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News updates on our work from the Coast to the Rockies.
Fourth year of collaborative pilot project supporting coexistence between people, livestock and wolves was a success
State and federal biologists have confirmed it: a remote camera photo captured by Conservation Northwest’s Citizen Wildlife Monitoring Project northwest of Leavenworth is indeed a gray wolf. It’s the first officially documented in the area since wolf recolonization began in Washington in the late 2000s.
The first wolf confirmed back in Western WA just died on I-90
“This proposal is a step in the wrong direction for wolf recovery in our region,” said Chase Gunnell, spokesman for Conservation Northwest.
We're excited to hear that Washington's Wolves are continuing their natural recovery despite some setbacks last year.
Conservation Northwest supports Substitute House Bill 2107 as amended on February 27th in the House Appropriations Committee, opposes Senate Bill 5583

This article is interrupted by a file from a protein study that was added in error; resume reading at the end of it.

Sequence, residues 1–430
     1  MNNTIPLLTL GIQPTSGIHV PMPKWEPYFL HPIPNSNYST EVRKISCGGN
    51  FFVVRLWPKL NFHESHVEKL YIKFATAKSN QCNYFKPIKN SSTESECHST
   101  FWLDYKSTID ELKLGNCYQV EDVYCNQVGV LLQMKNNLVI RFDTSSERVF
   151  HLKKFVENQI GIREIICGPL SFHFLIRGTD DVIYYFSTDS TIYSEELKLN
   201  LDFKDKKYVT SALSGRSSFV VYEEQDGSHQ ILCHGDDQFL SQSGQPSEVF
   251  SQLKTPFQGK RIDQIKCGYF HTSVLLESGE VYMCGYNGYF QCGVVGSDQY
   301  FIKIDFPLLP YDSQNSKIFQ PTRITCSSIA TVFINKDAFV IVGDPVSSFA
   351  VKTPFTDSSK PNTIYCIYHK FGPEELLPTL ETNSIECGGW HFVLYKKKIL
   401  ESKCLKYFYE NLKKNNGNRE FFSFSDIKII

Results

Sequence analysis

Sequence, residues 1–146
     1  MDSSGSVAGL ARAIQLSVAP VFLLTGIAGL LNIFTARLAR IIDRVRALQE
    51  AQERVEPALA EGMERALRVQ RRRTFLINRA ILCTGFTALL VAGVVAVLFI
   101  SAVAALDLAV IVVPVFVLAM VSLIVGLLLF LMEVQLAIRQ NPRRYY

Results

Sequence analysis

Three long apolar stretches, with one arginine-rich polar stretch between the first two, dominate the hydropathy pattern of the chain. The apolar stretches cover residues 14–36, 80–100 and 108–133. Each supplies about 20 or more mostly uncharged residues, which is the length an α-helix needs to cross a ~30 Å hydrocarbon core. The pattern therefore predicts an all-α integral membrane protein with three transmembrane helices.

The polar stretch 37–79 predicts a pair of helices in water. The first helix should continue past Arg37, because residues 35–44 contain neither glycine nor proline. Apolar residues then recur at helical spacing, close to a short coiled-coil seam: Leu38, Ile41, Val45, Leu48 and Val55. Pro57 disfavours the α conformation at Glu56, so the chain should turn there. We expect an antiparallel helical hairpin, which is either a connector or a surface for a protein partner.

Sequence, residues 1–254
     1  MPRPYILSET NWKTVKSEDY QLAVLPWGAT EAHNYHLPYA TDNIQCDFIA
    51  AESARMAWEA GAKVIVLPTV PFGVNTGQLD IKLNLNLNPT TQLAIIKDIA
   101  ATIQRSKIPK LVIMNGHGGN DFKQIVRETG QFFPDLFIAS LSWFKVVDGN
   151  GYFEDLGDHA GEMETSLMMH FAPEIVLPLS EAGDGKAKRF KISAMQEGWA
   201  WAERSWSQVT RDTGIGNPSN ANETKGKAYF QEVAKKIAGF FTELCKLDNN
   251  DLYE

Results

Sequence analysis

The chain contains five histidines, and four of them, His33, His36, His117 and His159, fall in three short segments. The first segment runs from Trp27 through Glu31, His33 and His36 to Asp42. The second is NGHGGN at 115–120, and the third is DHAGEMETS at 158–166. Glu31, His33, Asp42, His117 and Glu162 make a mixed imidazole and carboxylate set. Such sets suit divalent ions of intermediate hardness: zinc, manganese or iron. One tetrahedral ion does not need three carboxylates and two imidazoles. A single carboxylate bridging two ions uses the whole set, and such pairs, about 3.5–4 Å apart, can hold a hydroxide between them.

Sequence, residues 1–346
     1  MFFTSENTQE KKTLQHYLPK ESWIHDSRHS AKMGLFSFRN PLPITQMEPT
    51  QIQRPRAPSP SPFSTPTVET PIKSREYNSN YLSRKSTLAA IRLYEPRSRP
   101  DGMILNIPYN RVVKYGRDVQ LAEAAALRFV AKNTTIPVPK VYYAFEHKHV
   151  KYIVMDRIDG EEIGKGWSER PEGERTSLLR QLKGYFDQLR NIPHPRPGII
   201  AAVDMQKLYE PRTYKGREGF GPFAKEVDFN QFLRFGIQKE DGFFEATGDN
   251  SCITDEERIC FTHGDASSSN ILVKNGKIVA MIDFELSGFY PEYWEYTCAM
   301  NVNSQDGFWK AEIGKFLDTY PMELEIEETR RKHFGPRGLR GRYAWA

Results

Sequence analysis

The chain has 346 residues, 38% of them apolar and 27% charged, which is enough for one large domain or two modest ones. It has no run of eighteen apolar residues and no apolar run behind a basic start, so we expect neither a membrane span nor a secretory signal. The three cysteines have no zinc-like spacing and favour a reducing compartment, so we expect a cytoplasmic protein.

On Thursday, February 5th, 2015, Conservation Northwest wolf conflict specialist Jay Kehne and policy lead Paula Swedeen were at the Washington state capitol testifying on wolf bills in front of House and Senate committees.
Six Washington ranchers involved in a Conservation Northwest program to prevent conflicts between wolves and livestock using range riders lost no sheep or cows to predators during the 2014 season, despite grazing their herds in the territory of confirmed wolf packs.
As wolves continue to recover in the Pacific Northwest, and as state agencies move towards the management phases of wolf recovery, Conservation Northwest, along with the Pacific Wolf Coalition and the University of Washington, recently had the opportunity to bring together some of North America's leading wolf experts to discuss ways to recover and manage gray wolves using the best available science, as well as experience from other states.
A mature female wolf was found dead this week within the territory of the Teanaway Pack northeast of Cle Elum. Because wolves remain federally listed as Endangered in Washington’s Cascades, U.S. Fish and Wildlife Service agents are investigating the incident.
Based on the information currently available, we believe this to be a flagrant violation of state law that warrants appropriately severe penalties if the offender is found guilty.
This coming Tuesday, October 14th from 6:00 to 9:00 p.m. WDFW will host a public meeting on wolf management in Room 1EF of the Lynnwood Convention Center.